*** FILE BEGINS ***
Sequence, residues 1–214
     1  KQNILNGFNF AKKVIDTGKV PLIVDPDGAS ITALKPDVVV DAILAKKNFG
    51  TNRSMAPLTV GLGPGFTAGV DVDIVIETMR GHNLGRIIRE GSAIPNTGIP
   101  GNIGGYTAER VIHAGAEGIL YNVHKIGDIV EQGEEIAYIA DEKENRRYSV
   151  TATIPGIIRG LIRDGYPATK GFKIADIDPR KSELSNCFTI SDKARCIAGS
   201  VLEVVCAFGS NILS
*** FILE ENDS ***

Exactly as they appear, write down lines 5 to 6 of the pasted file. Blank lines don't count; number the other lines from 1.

   151  TATIPGIIRG LIRDGYPATK GFKIADIDPR KSELSNCFTI SDKARCIAGS
   201  VLEVVCAFGS NILS